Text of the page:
This series of prints I made during my experimentation with code.
I used “Gradient descent” and “Marching Cubes” algorithms.
First, I created a mesh in rhino with a script. Then render the model in 3ds max. Then a bit of color correction in Photoshop.
In massive series i combine lines and isosurfaces.
In minimal series i decided to show only isosurfaces.
This Canadian house by Patkau Architects is anchored to a rock by steel rods so that it treads lightly on the ground and cantilevers above the Pacific Ocean.
Tula House by Vancouver-based Patkau Architects was designed as the main home for a married couple on Quadra Island, nearly six hours’ drive north of Vancouver. It also doubles as informal headquarters for their organisation, Tula Foundation, which supports healthcare and environmental initiatives.
The remote cliff-top house rests 13 metres above the water, and is surrounded by spectacular and varied scenery. There is a forest behind, and the Strait of Georgia in front, where the owners can also see the mountains of British Columbia in the distance.
"The topography of the site is highly irregular, and the prospects are diverse," said architect John Patkau. "One site is actually many sites."
The house replaces a dilapidated cottage and attempts to realign the site with its surroundings, according to architects, whose other projects include a cluster of temporary shelters for ice-skaters and designs for six earth-sheltered houses on land surrounding Frank Lloyd Wright’s Fallingwater house.
Land that had been extensively filled in was removed to reveal the site’s natural terrain, and native vegetation that had been stripped away was re-planted. The house is designed as a single-storey building to provide a more direct and intimate connection with the landscape, and features a moss-covered roof to help it blend in with moss-covered basalt hills nearby.
Located in central Mumbai, our client builds a 6 story building, 2 for each apartment, we simultaneously perform 3 interior design projects for 3 different clients, all from the same family; parents, (an older couple) and 2 families of young couples with children, each with different needs and personalities, this is how we address the same space with different distributions, each had a different reason on which interiors are designed, a concept far from typical housing in India, a space for living inside, contrasting with its urban context, with its social environment.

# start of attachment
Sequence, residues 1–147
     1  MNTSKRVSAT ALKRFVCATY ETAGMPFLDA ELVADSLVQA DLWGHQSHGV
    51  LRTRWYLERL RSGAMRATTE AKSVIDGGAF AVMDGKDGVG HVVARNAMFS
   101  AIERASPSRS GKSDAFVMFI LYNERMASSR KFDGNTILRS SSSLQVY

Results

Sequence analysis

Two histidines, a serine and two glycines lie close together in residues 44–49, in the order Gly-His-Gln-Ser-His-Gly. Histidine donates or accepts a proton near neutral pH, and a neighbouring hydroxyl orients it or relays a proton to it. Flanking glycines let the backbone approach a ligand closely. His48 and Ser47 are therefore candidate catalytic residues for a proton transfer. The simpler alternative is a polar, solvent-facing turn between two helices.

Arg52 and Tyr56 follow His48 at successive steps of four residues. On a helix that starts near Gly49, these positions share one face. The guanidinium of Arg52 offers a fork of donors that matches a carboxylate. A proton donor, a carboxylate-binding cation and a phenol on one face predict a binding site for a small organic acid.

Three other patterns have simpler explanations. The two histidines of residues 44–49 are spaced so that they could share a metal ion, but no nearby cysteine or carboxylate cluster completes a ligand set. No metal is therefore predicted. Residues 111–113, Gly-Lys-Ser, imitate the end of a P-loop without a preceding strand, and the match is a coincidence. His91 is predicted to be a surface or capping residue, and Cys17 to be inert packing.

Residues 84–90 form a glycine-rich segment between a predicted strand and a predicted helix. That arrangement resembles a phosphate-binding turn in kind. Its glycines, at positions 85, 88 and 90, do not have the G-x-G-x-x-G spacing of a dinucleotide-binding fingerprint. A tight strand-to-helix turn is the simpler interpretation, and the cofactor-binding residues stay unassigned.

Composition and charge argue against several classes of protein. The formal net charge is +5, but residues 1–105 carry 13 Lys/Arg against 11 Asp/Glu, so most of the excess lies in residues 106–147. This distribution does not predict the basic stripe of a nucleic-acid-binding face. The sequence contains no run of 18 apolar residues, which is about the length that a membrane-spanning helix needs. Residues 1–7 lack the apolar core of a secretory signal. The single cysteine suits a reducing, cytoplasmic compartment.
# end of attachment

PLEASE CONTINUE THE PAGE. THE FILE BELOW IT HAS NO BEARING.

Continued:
Specifically in the SDM apartment, after a talk with each member of the family, we got a well defined program based on the customs of each user and each space, the staircase located at the center of the apartment. It was designed as a sculpture in the space with more light and natural ventilation; with very subtle lines but protagonist of the space, it can be seen almost from anywhere in the public areas, it becomes the articulator of spaces and is replicated in other architectural elements such as blinds and ceiling; every space, every detail meets a special character of the users, every color, every picture, every kitchen utensil, every linen was specifically chosen to complete this project and to make it unique.
Photography: Courtesy of Arquitectura en Movimiento Workshop
My obsession of documentation has became a major influence in my artistic practice. Each work represents a little piece of me that has been archived, otherwise may be forgotten through time. Works can contain fragments of memories, moments within time, or internal struggles that may still be on-going or have passed through life. In order to fully express the complexity of the subject matter, I juxtapose elements within reality in a surrealistic manner. In this way, I create a photographic image that captures the both visual and emotional factor of the subject matter. The works are presented to the viewers in hope of evoking their own life’s details and find beauty in the little details that make up who they are.
Henke Schreieck - Kufstein university building, Kufstein 2001. A unique double facade of operable full height terrace-like wood doors behind a glazed skin with operable vent panels provides optimal thermal performance while allowing classrooms to feel open to the exterior. Depending on the time of day, the glazing either reflects the surroundings or accentuates the inner timber structure. Photos (C) Margherita Spiluttini.